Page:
[1]'Disorders and Diseases of the Respiratory System' Nasal Catarrh is a very common complaint in this country, particularly in cold, damp weather. It manifests itself by excessive mucus secreting through the nose and sneezing. It is often the prelude to or accompanies other diseases. The Common Cold is the result usually of a virus infection and should be. distinguished from a chill, though the latter may provide suitable conditions for the virus to thrive and a cold easily follows a chill. Its extreme ineffectiveness is due to the viruses being transmitted through the air by sneezing. This is known as droplet infection. Catarrh accompanies the cold and this may pass to the throat and along the Eustachian tubes to the middle ear causing earache. If the infection continues further along the bronchial tubes into the lungs, bronchitis may set in. Bronchitis is one of the commonest of diseases in this country and is due to inflammation of the mucous membrane of the bronchial tubes. Laryngitis and pharyngitis are inflammations of the mucous membranes of the larynx and pharynx respectively. They may be preceded by catarrh and both the breathing and the voice are affected in laryngitis while pharyngitis is what we normally call sore throat. Tonsillitis is inflammation of the tonsils and the pharynx can also be affected. The tonsils become enlarged and pain is experienced when swallowing. The cause is usually bacterial infection. Whooping Cough is a common disease of children caused by bacterial infection. The "whoop" which gives it its name is during inspiration. Diphtheria is a very infectious disease, caused by a bacterium, Corynebacteriwn diphtheriae, which starts with an inflammation of the throat. Other symptoms follow and if anti-diphtheritic serum is not administered, post-diphtheritic paralysis may follow. This is not permanent but it takes time for recovery. The well-known Schick test is used to ascertain whether people are subject to the disease and immunization against it is now practiced. Croup occurs when the entrance to the larynx is swollen and constricted and breathing is therefore affected. Asthma attacks may be brought on by a number of agents such as pollen from grasses or by house dust, feathers, the fur of cats or dogs' hair to which these sufferers are allergic. Breathing is extremely difficult owing to constriction of the bronchial tubes. Hay Fever occurs in people whose mucous membranes are extremely sensitive to the pollen of grasses and therefore occurs only during the Summer. Considerable nasal discharge and the usual symptoms of the common cold develop. Antihistamines are often effective in relieving the symptoms. People subject to hay fever should obviously avoid being in a grass field. Pneumonia, of which there are several forms, is an inflammation of the lung tissues and the commonest form is caused by a bacterium, pneumococcus. High temperature, rapid, shallow breathing accompanied by cough and pain in the chest are symptoms. The coughing results in the expectoration of a thick, brown fluid. Sulphonamide drugs and antibiotic treatment are now used with effect. Pneumonia is now often produced by virus infection. Pleurisy is inflammation of the pleurae and may result from pneumonia and other more serious diseases such as tuberculosis. Empyema is a disease in which pus collects in the pleural cavity. This, too, may follow pneumonia and it may be necessary to resort to surgical means to drain off the pus. Silicosis is a hazard of workers in industries in which considerable amounts of silica dust are inhaled into the lungs. Pulmonary tuberculosis or phthisis, commonly called consumption, is caused by Bacillus tuberculosis (Mycobacterium tuberculosis). Once regarded as incurable it inevitably led to death but modern methods of therapy have completely changed the picture. The disease is extremely infectious and may easily be caught from the sputum of an infected person in which enormous numbers of the bacteria live and which get into the air by coughing or into the dust of the air from dried sputum. It may also be acquired from infected milk but the bovine bacillus affects children more than adults. Milk must therefore be adequately protected by pasteurization. Receptacles used by infected persons must on no account be used by healthy people. The name of the disease is derived from the fact that tubercles develop in the lungs, thus tending to obliterate the alveoli. Later these coalesce and the mass breaks down and the particles are discharged in the sputum. As a result cavities develop in the lungs. The disease is now curable and the mortality rate from it has fallen enormously in the last few years. In 1957, 4,784 people died of pulmonary tuberculosis, but by 1960 the number had dropped to 2,354, a decrease of about 50 per cent. Lung cancer, unlike pulmonary tuberculosis and like other forms of cancer, has been showing a marked increase in mortality rate in recent years. A cancer or carcinoma is a malignant neoplasm, a non-malignant neoplasm being a tumour. Although a cancer may be removed surgically, there is always the danger that the cells may be carried by the blood to other parts of the body where they initiate further cancerous growths. Cancer accounted for 122,648 deaths in 1966 in this country, an increase of 15,500 in ten years, and of these 30,483 were due to lung cancer, an increase of 9,000 over the same period. It has been proved that a minute quantity of carcinogenic (cancer producing) agents are present in cigarette smoke. The incidence of lung cancer has been shown to increase in proportion to the number of cigarettes smoked and as most cigarette smokers inhale, these dangerous substances get into the lungs. The death rate amongst cigarette smokers from lung cancer in this country is three or four times that among pipe smokers and about ten times that among cigar smokers*. Pipe and cigar smoking is therefore very much safer but in non-smokers the death rate from this disease is only about a thirteenth of those among cigarette smokers. These facts speak for themselves. Couple them with the knowledge that of the 615,719 deaths from natural causes in Great Britain in 1966 over 30,000 were due to lung cancer and you cannot fail to see that the matter calls for serious consideration. The morals to be drawn from these facts: do not inhale tobacco smoke into the lungs, smoke a pipe or cigars in preference to cigarettes or, better still, do not smoke at all. Cancer is a disease which has been known to man for a very long time but the number of deaths caused by it have increased out of all proportion to the increase in the population. In this disease cells multiply in a most disorderly and uncontrolled fashion forming malignant growths to the detriment of the normal tissue in which they are growing. Furthermore they can give rise to further cancerous growths in other parts of the body. The cause remains unknown at present and though a cancer virus has been discovered in monkeys, there is no evidence as yet that such is the case in man. Apart from surgery, radiotherapy with radium and X-rays have been used in the treatment of cancer but cobalt-ray treatment now largely supersedes them. Radium was first isolated by M. and Mdme. Curie in 1898 and radioactivity was discovered by Antoine Becquerel in 1890. A German physicist, Wilhelm Rontgen, was the discoverer of X-rays and these are not only used in treatment but also, of course, in diagnosis.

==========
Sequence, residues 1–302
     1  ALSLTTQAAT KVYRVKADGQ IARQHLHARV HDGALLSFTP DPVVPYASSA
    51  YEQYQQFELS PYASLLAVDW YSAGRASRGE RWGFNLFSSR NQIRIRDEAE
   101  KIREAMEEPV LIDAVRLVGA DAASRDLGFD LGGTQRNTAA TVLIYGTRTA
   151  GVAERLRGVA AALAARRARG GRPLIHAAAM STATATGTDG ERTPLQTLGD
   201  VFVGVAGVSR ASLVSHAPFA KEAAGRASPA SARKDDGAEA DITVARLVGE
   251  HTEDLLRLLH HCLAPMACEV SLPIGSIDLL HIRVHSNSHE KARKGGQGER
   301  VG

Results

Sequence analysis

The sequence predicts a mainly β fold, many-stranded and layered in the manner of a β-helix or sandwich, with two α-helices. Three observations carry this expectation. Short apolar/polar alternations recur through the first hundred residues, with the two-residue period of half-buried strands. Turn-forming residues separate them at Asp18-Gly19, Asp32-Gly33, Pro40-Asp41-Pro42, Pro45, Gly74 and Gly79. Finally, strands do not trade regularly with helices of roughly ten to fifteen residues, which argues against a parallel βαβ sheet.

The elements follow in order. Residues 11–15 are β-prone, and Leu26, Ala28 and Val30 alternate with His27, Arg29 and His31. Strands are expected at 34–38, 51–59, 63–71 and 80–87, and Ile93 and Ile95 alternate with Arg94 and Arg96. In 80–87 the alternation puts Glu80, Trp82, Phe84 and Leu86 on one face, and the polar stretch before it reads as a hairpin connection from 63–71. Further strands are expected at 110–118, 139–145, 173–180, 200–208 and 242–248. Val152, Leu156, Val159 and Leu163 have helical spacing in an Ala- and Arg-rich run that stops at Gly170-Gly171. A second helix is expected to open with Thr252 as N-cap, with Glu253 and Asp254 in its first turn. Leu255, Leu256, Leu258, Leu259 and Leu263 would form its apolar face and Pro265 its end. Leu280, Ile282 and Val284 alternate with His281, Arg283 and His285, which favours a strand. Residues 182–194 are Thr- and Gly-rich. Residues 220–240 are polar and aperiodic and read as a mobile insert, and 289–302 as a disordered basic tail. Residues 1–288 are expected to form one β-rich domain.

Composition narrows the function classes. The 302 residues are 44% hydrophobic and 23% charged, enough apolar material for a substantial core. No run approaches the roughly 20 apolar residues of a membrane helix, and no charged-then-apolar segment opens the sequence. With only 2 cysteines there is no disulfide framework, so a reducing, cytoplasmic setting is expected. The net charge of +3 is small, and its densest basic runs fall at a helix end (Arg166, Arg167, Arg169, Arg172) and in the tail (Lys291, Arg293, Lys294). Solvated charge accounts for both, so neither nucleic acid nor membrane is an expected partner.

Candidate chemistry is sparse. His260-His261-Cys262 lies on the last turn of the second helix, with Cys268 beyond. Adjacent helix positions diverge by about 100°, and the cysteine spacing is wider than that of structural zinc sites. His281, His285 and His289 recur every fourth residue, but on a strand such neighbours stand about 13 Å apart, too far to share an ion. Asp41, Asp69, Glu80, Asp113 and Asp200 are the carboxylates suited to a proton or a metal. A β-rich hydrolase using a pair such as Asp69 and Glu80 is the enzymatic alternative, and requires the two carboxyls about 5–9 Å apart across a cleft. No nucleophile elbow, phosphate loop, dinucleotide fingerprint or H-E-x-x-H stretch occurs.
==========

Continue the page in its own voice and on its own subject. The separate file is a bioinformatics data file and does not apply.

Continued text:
Both physiological and cellular respiration REQUIRE OXYGEN ?!?!? This is just not true. Nor does the definition of physiological respiration adequately include the importance of transport of the Redox metabolites to the cell (or transport IN the cell for that matter). I will leave it to those more skilled in the science to define the difference between physiological, cellular (and perhaps biochemical) respiration (cycles). This article is not up to Wikipedia's normal standards. (talk) 06:31, 11 December 2011 (UTC)

Proposed merge with Respiratory physiology[edit]

No need for second page Iztwoz (talk) 12:18, 21 May 2017 (UTC)

They are both rudimentary and contain similar content (very little), so I don't see any reason for keeping both. One thing which can be dropped is the statement that the topic is a branch of human physiology, as respiration an aspect of all physiology. Which title do you propose? • • • Peter (Southwood) (talk): 17:00, 31 May 2017 (UTC)
Hello Peter (Southwood) thanks for your response. Would prefer Respiration (physiology) - seems more apt and it's on Respiration dab page. Best --Iztwoz (talk) 19:58, 31 May 2017 (UTC)
I don't have any strong opinions on the more appropriate title at this point. Someone else may have a stronger argument one way or the other. If not, I will go with the flow. Are you planning to expand the resulting article? The current pair are in dire need of work, and it is not my field. • • • Peter (Southwood) (talk): 20:13, 31 May 2017 (UTC)
I was just spurred to merge proposal since the pages were just saying the same thing in essence. I've been looking at the pages and am of the opinion that the resulting page be further merged into Respiratory system as there is a large section on the physiology there already containing most of the info on these pages. --Iztwoz (talk) 20:21, 31 May 2017 (UTC)
    • ^ human biology p. 146-149